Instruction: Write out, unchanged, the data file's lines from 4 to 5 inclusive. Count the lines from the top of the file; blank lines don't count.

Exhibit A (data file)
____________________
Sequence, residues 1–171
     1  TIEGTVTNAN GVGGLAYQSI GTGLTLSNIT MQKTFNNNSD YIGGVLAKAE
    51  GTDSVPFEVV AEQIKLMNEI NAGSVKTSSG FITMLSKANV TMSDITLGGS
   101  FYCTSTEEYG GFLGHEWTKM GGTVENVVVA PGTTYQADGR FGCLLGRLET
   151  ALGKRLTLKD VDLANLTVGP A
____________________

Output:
   101  FYCTSTEEYG GFLGHEWTKM GGTVENVVVA PGTTYQADGR FGCLLGRLET
   151  ALGKRLTLKD VDLANLTVGP A